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Latin morphosyntax evolution from 200 BC. to 1000 AD: was Hrotsvitha able to imitate Terence successfully?

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Latin morphosyntax evolution from 200 BC. to 1000 AD: was Hrotsvitha able to imitate Terence successfully?

Cuccia, Lidia (2009) Latin morphosyntax evolution from 200 BC. to 1000 AD: was Hrotsvitha able to imitate Terence successfully? Masters thesis, Concordia University.

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Abstract

Hrotsvitha von Gandersheim, a German nun who lived at the end of the tenth century, wrote six plays explicitly saying that she was trying to imitate the style of the Roman playwright Terence who lived during the II nd century B.C. Language evolved dramatically during the twelve centuries that separate the lives of the two writers. In fact, a variety of descendant languages was sprouting up all over Europe as a consequence of the process of fragmentation of the mother tongue into the Romance languages that was already well on its way by 476 A.D. One of the biggest changes undergone by the language during this process is the restriction of word order which during the Latin era seems to have enjoyed a great degree of freedom but with the time became more restricted in its possibilities. By the end of the VIII th century, the declension system had collapsed into only two cases (Nominative and Accusative) doubtlessly playing a role in restricting the word order freedom. In this thesis, I concentrate on Hrotsvitha's Callimachus and on Terence's Andria to explore and compare thoroughly the word order of some elements of the sentence, mainly the possessive adjective-head noun relationship, the ut - verb relationship in subordinated clauses, and the patterns used with the infinitives. I take into account the structure of the Romance languages to underline the direction the language was taking and to draw my conclusions. To complete my study I focus on the general organization of plays, the colloquialisms and the adverbial expressions (which are much reduced in Hrotsvitha's Callimachus ), as a sign of the restrictions that confronted the writers of Medieval Latin when they attempted to imitate the street language of Archaic and Classical times.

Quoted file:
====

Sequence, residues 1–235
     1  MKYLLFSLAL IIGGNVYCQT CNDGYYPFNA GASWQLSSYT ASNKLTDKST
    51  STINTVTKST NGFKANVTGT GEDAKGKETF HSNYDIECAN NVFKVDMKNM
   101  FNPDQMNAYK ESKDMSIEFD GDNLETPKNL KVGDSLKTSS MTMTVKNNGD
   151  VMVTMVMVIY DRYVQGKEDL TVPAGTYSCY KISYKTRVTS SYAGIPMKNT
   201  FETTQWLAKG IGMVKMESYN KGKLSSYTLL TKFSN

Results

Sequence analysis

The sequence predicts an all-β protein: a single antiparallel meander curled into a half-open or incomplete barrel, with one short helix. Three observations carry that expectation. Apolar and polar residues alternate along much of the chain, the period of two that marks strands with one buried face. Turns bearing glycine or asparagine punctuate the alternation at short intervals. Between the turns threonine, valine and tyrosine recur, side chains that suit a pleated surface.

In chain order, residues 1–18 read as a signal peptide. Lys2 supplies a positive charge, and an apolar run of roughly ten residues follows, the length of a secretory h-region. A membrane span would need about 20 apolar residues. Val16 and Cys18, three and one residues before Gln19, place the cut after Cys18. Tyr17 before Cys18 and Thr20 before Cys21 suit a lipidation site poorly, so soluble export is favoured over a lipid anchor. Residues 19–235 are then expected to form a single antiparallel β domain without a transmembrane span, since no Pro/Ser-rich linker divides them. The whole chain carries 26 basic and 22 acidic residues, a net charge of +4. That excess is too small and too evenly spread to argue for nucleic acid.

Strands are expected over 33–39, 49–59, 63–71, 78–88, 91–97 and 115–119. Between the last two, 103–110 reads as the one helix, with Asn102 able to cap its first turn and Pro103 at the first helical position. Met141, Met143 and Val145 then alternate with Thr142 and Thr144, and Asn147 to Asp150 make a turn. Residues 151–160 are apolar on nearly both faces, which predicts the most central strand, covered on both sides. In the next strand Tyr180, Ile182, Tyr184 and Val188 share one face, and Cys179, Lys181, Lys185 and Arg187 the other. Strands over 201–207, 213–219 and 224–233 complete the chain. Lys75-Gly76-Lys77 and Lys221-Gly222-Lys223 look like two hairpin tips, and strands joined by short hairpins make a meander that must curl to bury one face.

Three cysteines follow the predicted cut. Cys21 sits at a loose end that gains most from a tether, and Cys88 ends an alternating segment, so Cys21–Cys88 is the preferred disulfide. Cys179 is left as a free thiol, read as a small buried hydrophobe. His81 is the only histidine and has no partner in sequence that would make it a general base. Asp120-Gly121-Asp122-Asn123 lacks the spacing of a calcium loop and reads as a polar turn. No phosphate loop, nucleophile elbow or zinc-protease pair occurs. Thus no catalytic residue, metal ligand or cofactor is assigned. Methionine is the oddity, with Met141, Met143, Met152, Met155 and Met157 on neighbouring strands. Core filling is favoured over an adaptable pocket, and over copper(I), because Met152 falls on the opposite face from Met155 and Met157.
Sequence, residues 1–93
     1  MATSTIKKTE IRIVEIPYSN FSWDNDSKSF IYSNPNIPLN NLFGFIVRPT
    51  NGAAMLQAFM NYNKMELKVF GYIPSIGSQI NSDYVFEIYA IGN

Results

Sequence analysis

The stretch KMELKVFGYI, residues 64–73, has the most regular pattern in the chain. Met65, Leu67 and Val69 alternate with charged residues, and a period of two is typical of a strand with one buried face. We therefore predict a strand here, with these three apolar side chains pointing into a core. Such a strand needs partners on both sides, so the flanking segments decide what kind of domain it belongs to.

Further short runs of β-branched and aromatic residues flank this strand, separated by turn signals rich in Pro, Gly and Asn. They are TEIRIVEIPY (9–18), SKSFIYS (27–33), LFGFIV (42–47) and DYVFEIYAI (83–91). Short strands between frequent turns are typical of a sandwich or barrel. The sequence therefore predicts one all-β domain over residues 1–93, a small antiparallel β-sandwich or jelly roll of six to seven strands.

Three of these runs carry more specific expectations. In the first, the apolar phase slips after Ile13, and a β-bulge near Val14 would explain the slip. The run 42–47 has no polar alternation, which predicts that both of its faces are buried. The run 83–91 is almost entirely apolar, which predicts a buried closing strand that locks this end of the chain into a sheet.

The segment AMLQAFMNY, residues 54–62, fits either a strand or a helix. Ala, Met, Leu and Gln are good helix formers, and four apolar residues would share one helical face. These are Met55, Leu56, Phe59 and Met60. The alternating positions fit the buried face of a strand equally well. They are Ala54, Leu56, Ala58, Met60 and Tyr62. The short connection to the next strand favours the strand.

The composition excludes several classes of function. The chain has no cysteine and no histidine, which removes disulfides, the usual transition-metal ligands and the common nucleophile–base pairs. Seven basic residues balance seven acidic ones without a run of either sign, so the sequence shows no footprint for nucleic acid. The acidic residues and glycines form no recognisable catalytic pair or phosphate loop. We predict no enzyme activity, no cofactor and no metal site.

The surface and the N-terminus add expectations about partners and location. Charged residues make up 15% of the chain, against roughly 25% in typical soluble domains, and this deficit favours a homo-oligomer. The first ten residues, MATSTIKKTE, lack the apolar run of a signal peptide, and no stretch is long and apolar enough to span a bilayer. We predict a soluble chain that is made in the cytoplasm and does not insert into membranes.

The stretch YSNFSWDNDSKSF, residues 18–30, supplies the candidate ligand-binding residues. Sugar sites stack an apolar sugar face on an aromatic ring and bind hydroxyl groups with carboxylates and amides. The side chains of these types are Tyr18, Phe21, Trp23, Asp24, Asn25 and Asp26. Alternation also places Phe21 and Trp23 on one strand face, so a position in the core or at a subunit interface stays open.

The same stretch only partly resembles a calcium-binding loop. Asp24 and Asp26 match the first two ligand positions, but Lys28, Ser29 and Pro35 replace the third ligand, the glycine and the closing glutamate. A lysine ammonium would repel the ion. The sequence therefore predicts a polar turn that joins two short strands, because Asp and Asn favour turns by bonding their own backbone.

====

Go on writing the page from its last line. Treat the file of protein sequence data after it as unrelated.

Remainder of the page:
Divisions:Concordia University > School of Graduate Studies
Item Type:Thesis (Masters)
Authors:Cuccia, Lidia
Pagination:xii, 106 leaves ; 29 cm.
Institution:Concordia University
Degree Name:M.A.
Program:School of Graduate Studies
Date:2009
Thesis Supervisor(s):Hale, Mark
ID Code:976513
Deposited By: Concordia University Library
Deposited On:22 Jan 2013 16:27
Last Modified:18 Jan 2018 17:42
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